>> check this thread out in the r/softwaretesting Reddit community.

Don’t judge a book by its cover — test it. A few nerdy jokes about quality assurance, although the topic is really interesting. Agree that spending money on not very useful books about testing is not the coolest idea, both financially and in terms of wasted time. Therefore, thanks to those who discuss and advise what books to read instead of blindly wandering among the shelves of the store.

Recommended books for new QA Lead

“I was wondering if there are any QA Lead books or even courses I can check out? I’ve got a mild case of imposter syndrome since I lucked into this role as a very junior QA. I was upfront in the interview and they still liked my background in other roles that is still applicable to testing in this role.

Many thanks!”

I picked three very first comments to post here. The original links and the discussion you can find in the thread.

>> check this thread out in the r/softwaretesting Reddit community.

Apparently, with the advent of spring, Twitter began to revive a little and more and more activity appears among influencers.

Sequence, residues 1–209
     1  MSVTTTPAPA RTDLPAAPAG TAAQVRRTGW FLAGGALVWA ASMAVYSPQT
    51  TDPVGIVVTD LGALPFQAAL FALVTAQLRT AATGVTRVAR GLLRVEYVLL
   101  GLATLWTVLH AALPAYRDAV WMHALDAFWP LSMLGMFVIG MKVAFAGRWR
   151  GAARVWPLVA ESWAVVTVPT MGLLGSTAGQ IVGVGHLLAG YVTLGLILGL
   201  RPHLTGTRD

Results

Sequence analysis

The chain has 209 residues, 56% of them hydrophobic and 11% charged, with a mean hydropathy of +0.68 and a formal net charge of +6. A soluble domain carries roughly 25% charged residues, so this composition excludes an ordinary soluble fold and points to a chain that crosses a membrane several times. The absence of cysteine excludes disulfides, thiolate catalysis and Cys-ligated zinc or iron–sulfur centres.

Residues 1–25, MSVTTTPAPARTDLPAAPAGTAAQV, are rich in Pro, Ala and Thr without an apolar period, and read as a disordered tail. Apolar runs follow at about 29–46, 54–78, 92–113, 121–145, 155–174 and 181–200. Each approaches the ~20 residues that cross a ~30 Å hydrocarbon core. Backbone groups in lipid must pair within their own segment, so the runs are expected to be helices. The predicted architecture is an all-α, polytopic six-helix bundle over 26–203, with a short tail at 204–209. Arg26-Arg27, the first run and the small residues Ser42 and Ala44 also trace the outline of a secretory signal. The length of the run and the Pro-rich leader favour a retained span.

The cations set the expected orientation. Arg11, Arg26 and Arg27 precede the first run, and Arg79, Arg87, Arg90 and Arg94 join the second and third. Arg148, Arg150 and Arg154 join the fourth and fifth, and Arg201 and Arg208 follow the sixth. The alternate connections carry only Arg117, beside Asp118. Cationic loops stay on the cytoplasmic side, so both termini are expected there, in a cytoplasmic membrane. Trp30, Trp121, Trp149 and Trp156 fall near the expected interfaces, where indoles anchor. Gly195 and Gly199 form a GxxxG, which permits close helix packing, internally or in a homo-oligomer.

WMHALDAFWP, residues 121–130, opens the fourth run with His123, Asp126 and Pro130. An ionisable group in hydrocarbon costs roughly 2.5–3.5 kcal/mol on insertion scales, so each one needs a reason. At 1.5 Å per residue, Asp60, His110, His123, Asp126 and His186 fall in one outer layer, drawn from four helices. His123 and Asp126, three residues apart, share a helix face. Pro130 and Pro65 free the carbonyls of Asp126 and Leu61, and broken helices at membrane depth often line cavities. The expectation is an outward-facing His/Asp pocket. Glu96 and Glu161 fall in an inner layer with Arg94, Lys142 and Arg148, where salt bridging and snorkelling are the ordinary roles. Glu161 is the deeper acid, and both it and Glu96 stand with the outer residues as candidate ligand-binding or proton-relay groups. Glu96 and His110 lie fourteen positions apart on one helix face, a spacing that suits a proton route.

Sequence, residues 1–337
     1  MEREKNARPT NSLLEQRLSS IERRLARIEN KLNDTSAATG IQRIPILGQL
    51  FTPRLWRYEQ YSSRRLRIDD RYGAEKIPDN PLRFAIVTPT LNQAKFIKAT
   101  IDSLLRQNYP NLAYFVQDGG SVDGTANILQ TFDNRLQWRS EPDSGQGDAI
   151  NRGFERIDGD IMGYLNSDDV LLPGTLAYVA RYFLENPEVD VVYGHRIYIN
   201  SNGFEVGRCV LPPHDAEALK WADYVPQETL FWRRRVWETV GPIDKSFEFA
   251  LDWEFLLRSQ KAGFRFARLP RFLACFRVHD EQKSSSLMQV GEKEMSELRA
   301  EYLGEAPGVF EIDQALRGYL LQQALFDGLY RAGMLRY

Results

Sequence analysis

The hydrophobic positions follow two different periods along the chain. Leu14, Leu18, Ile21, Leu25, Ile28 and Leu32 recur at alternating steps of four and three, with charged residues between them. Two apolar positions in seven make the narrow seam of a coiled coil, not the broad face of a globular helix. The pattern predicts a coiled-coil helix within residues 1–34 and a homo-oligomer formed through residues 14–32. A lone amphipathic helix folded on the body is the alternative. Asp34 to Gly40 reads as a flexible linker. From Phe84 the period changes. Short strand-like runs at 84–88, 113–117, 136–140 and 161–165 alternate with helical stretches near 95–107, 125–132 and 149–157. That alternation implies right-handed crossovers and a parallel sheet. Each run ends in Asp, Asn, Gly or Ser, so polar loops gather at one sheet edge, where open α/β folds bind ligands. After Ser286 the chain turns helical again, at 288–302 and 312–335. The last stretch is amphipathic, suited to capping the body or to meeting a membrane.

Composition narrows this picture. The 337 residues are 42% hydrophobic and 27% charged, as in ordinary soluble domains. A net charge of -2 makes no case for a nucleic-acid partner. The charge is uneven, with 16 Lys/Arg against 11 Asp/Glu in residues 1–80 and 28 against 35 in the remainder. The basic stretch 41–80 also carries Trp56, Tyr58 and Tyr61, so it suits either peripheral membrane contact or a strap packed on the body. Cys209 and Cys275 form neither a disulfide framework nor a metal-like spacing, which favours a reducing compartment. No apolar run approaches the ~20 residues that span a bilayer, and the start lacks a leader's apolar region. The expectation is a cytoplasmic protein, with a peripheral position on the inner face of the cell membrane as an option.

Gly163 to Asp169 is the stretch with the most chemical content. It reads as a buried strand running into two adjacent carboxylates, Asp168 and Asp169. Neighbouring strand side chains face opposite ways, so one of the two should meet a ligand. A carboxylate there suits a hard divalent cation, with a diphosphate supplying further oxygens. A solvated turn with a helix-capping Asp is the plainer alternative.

The first post that flew into the trends was that testing is not always about development. Sometimes it’s about the environment

>> Check this tweet here.

Surely you can relate yourself to this situation when you expect one thing, but in reality, everything is much more hardcore. Just go and watch that video to totally dive into the atmosphere of true Agile.

>> Check this tweet here.

Sometimes errors can be a sign of significant progress in your software development.

>> Check this tweet here.

The essential question of all IT industry employees — “How many screens do you need to use for your productive work?”. I found it’s convenient to use at least two of them.

>> Check this tweet here.

Hope our weekly overview of events in the IT industry gave your some insights into what is happening lately.

Don’t forget to follow the Software Testers Ideas Flow group on FB and r/softwaretestingtalks on Reddit to get testers’ ideas flow every week directly to your feed.